How do you prepare for a lifetime of renting?

A composite photo including a "to let" sign and some prospective buyers or renters

In much of the UK many young people have no prospect of getting on the property ladder. So how can they prepare for decades of renting?

There's a long-held view in the UK that people rent only because they have to.

They rent when young, when it seems a rite of passage. They rent before they've decided where to live permanently. But most of all, they rent because they can't yet afford to buy.

Many renters enjoy the freedom.

They live in an area where they could never afford to buy. There's less hassle and responsibility. If the boiler breaks, the landlord will get it fixed.

But at a certain age, perhaps in one's late 20s, there's also a nagging fear. The clock is ticking. People use phrases like "rent's just dead money".

Right To Buy in the 1980s led to a boom in home ownership. In 1988 only 9% were privately renting homes. But in recent years, as house prices have risen and the economy has stalled, the move has been in the opposite direction.

In 2010 the Chartered Institute of Housing forecast that by 2020 a fifth of homes would be privately rented.

Evening Standard columnist Richard Godwin has just bought a house. It's been 10 years of saving up his salary, getting help from his parents and his wife's parents.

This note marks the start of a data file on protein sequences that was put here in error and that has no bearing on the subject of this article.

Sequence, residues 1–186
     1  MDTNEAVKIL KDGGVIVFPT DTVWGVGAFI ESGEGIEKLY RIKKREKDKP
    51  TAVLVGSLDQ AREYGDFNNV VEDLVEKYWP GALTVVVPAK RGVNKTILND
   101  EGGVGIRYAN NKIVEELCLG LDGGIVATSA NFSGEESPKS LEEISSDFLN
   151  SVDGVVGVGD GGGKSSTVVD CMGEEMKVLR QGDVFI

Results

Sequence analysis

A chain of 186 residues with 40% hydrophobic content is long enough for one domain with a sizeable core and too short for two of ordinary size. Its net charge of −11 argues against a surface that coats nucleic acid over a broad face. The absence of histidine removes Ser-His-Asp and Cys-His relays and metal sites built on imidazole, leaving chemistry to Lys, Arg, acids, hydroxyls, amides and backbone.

Renting carries a stigma. "There is a social expectation to own a house at a certain point. You're made to feel like a second-class citizen if you rent."

New figures predict that a 25-year-old single person in London who wants to buy will be 54 by the time they can afford it.

But for the majority of people in their 20s across the whole of the UK, buying a house is becoming a decade-long pursuit. They face a pincer movement of high and rising house prices, but stagnating wages.

Research by homelessness charity Shelter estimates that the average single person will have to save for 14 years before they can afford a home.

In March this year, Shelter research suggested the cost of renting had risen by £300 a year over the past year. Department for Communities and Local Government figures estimate that the average renter pays £160 a week in England. Meanwhile, the average owner-occupier pays £143 a week on their mortgage.

Young people's reaction seems to be one of resignation. It will take time to buy.

The word "precarious" crops up a lot in conversations with renters in the UK.

Tenancy agreements of just a year are the norm in many places, with either party able to terminate at the six-month mark where a break clause is included.